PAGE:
Company Creates Drones To Disinfect Broadway Theaters

Company Creates Drones To Disinfect Broadway Theaters


When Aladdin returns to the New Amsterdam Theatre, all of its magic carpet rides might need to be cleared with an air traffic controller.

As Broadway executives debate different strategies for reopening theaters following the COVID-19 pandemic, a Buffalo-based start-up company named EagleHawk has developed drones to spray disinfectants in Broadway theaters. “This technology reduces the need for human exposure, [minimizes the] costs of P.P.E., and can save a great deal of time and resources,” commented Will Schulmeister, its chief operating officer.

In the innovative system, the disinfectant is stored on the ground, and pumped through a hose to the hovering drone, which then spreads it throughout the theater. Meanwhile, another drone drifts underneath it to make sure that the hose does not get tangled in any of the seats.

“Using a drone to disinfect large targeted spaces and public areas, such as Broadway theaters, is more efficient than having multiple staff walk around and wipe down each seat or [use] a hand spray,” argued Schulmeister. “[W]e can cover large sections of seats very quickly," and “it’s much safer, because now you don’t have crews carrying heavy backpacks full of liquid, not being outfitted in P.P.E., [and] not being directly exposed to chemicals,” added Patrick Walsh, its chief executive officer.

“A Broadway theater could be disinfected by a drone in less than an hour, and without putting people on the front line,” Schulmeister said.

While Broadway theater owners might be afraid of allowing the machines to flutter around their landmarked venues, the executives at EagleHawk insist that it is safe to operate inside. “We’re using a sensor that allows us to navigate indoors safely, so we can detect cables as small as a half an inch,” explained Walsh. The technology has been tested in several large venues, including KeyBank Center, the arena of the Buffalo Sabres professional hockey team.

In addition, spraying the cleaning liquids should not damage the fabric of the seats.

While following the government guidelines for cleaning surfaces to get rid of pathogens like SARS-CoV-2, “we can control the liquid spray enough to not over-saturate the seats and still meet disinfection requirements,” Schulmeister stated. “Additionally,” he said, “our drone system is chemical agnostic, so the notion is that we would be able to use an appropriate chemical that would not cause issue with those type of seats.” If the house manager does not like using a certain chemical, then it can be changed.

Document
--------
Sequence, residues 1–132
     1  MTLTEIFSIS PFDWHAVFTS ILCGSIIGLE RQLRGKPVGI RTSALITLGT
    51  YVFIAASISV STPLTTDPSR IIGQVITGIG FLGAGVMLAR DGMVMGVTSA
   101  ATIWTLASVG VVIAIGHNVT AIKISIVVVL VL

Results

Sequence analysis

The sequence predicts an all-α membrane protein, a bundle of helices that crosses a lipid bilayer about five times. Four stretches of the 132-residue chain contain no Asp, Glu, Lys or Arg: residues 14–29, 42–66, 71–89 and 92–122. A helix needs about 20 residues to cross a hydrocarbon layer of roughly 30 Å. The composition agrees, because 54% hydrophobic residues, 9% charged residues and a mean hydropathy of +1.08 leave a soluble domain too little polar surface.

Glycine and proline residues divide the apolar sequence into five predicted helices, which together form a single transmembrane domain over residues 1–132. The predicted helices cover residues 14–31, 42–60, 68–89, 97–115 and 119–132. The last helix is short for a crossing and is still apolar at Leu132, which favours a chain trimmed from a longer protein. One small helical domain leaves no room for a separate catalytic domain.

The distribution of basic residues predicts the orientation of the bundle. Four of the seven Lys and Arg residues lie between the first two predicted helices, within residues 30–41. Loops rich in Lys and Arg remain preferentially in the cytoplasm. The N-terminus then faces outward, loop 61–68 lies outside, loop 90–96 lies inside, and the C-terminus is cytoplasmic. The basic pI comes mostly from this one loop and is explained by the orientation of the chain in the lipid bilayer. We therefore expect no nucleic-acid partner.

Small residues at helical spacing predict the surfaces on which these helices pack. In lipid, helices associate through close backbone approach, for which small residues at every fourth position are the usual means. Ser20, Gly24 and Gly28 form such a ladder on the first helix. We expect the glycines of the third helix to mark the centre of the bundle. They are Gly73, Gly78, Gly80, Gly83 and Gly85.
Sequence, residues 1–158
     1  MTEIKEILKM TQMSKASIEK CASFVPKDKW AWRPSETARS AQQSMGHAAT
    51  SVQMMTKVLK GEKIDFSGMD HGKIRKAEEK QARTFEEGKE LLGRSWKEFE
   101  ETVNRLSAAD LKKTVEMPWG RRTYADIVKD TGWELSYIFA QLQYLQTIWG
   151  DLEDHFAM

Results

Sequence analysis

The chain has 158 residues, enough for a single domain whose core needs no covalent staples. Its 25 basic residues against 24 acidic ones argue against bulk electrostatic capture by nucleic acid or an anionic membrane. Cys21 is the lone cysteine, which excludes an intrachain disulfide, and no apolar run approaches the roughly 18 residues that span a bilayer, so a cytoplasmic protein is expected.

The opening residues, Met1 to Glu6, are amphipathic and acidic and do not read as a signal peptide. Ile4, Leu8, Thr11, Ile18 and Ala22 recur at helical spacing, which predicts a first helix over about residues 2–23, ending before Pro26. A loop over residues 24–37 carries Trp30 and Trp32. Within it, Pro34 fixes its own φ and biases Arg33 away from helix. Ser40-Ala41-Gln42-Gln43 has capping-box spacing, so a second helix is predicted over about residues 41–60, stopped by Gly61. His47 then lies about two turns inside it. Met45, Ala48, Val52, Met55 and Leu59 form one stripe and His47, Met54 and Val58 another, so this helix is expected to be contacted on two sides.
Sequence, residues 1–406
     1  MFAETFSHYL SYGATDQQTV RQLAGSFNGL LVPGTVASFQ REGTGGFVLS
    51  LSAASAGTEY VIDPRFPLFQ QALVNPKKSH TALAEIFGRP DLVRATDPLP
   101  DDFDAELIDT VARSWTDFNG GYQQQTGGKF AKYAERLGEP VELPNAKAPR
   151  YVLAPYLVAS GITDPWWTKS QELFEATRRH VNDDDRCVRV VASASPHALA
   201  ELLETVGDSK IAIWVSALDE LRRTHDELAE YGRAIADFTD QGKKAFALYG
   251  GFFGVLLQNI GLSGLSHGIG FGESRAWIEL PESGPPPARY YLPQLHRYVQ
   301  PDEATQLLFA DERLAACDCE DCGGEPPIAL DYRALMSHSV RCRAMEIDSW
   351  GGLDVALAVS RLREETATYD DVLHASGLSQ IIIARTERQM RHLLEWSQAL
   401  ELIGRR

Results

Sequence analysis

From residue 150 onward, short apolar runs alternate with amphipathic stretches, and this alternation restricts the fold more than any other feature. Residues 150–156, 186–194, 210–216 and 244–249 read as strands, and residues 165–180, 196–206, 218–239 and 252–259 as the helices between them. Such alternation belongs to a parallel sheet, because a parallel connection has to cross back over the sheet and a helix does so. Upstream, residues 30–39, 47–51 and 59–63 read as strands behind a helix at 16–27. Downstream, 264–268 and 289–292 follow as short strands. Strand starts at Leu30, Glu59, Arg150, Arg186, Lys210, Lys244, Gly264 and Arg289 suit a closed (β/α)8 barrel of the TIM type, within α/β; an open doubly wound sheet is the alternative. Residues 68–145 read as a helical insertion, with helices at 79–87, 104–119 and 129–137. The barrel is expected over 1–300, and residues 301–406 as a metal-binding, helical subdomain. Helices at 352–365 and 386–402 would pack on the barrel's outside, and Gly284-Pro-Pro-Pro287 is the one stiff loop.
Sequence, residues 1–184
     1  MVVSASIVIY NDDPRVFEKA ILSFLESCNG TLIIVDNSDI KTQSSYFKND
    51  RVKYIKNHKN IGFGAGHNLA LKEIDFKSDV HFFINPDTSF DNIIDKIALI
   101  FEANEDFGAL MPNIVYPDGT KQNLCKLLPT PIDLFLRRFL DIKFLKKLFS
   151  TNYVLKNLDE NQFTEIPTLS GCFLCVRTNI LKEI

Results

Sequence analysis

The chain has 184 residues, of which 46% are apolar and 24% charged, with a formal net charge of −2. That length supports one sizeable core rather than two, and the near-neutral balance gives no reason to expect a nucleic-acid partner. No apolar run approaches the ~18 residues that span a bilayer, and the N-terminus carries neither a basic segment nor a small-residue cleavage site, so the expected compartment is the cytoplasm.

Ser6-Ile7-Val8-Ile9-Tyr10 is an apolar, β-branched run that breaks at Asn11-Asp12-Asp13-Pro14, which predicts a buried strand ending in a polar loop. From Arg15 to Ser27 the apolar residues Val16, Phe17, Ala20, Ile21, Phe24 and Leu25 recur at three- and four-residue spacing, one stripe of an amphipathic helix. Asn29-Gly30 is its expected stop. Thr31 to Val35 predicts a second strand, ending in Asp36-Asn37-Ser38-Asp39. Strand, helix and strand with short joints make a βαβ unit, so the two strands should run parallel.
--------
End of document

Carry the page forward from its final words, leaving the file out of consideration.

“I could see the new drone technology being a good choice for arenas, stadiums, and large performing arts centers with thousands of seats,” commented Susquehanna University theatre professor Erik Viker.

While the leading Broadway theater owners declined to discuss their plans for cleaning seats after the pandemic, some facilities folks do not think that using the drones would fly.

“Actors are super hyper-sensitive to anything sprayed in the air,” recognized a former theater executive. It is possible that the chemicals used to sanitize the seats might irritate some performers and affect their vocal abilities, much like dust and mildew.

In addition, the crews that clean Broadway theaters are members of the large SEIU Local 32BJ labor union. Although its leaders did not want to comment on the possible use of drones, it is believed that the organization would resist the introduction of any technology that would reduce the size of its workforce.Some smaller theaters have been experimenting with other possible alternatives, such as wands that emit ultraviolet light and machines that make antibacterial fogs. “We’re spending money on things to make the audience feel more comfortable,” commented one small theater owner in Florida.

Like the race to develop a vaccine, it is not yet known which cleaning method is the most effective at combating the novel coronavirus.

I am an entertainment attorney at Cowan, DeBaets, Abrahams & Sheppard LLP, where I negotiate theatre, film, and television deals. Previously, I worked at Skadden, Arps, Slate, Meagher & Flom LLP and the U.S. Securities and Exchange Commission. Before entering the legal profession, I developed an algorithm to predict the lifespan of theatrical productions on Broadway. It garnered global attention, and helped change how Tony Award-winning producers think about the business of Broadway. I am a graduate of Cornell University and the University of Chicago Law School.





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